WASHINGTON, D.C. – Thursday, Congressman Don Young (R-AK) and Congresswoman Debbie Dingell (D-MI) introduced the bipartisan Keep Food Containers Safe from PFAS Act, which would prohibit intentionally added per- and polyfluoroalkyl substances (PFAS) – or hazardous forever chemicals – in food packaging.
“There is significant scientific evidence that PFAS chemicals pose a real risk to communities in Alaska and across the country. I have been a long-time advocate for measures to combat exposures to these chemicals, which can cause liver disease, thyroid issues, and several types of cancer,” said Congressman Don Young. “I am proud to join my dear friend, Congresswoman Debbie Dingell, in the introduction of our bipartisan Keep Food Containers Safe from PFAS Act. The COVID-19 pandemic changed the way we live, and many of us have been ordering more takeout than ever. Whether it is to-go containers, chip wrappers, or other food packages, we should be doing all we can to keep these dangerous chemicals out of food packaging. Eliminating toxic PFAS chemicals continues to be one of my highest priorities in Congress. I call on my friends on both sides of the aisle to join us in this vital cause.”
“Whether you’re getting takeout from your favorite restaurant or opening a popcorn bag, you shouldn’t have to worry about chemicals seeping from containers into your food,” said Congresswoman Debbie Dingell. “PFAS chemicals are in products that we use every single day, and most Americans don’t even know the danger they face daily. Over 12 states have policies limiting the use of PFAS in containers, now we need strong federal legislation to ensure hazardous chemicals are not allowed near the food we eat.”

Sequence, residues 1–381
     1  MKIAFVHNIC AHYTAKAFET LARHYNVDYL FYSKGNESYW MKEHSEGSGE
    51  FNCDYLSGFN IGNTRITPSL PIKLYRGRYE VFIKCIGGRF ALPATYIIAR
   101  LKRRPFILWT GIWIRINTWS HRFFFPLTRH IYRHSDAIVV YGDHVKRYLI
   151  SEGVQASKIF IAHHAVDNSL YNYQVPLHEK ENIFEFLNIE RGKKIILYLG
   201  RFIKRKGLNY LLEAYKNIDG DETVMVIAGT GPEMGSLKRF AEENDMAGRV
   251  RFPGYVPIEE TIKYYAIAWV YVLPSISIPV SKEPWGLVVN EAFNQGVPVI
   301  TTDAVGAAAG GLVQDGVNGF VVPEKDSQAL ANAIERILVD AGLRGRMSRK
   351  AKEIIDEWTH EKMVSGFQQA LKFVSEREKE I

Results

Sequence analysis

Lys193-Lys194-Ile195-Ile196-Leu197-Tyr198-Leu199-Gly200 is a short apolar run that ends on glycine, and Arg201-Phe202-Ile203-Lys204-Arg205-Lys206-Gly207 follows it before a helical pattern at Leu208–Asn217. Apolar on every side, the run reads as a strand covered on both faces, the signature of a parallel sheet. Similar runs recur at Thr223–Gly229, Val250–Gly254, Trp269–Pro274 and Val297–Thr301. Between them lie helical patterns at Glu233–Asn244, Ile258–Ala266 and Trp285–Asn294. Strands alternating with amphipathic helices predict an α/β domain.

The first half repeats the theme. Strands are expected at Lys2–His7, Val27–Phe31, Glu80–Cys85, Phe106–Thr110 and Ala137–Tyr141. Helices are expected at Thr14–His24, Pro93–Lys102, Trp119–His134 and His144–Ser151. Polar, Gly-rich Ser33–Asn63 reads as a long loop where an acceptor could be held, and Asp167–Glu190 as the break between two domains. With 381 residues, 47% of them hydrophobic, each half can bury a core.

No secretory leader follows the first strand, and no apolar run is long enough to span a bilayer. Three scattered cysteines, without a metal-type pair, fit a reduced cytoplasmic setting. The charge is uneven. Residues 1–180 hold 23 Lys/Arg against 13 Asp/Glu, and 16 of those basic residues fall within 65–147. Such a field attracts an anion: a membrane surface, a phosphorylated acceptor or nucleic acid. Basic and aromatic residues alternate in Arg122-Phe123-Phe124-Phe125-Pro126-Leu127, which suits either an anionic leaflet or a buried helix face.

PFAS is often talked about in relation to contaminating ground water and the environment, but these harmful substances are frequently used to greaseproof, waterproof, and give nonstick properties to food containers, cookware, and consumer products. And it has been proven that the PFAS in those containers can contaminate the food, causing liver disease, thyroid dysfunction, and several forms of cancer. The Environmental Working Group found that as many as 40 percent of fast food wrappers and paper products tested positive for fluorine chemicals.
“Food is likely a significant source of exposure to these dangerous chemicals for millions of Americans,” said David Andrews, Ph.D., a senior scientist at the Environmental Working Group. “PFAS in the environment can contaminate crops and accumulate in fish and meat, but it also leaches into food from food packaging. The Keep Food Containers Safe from PFAS Act would quickly cut off a potential major and completely avoidable source of exposure to these forever chemicals.”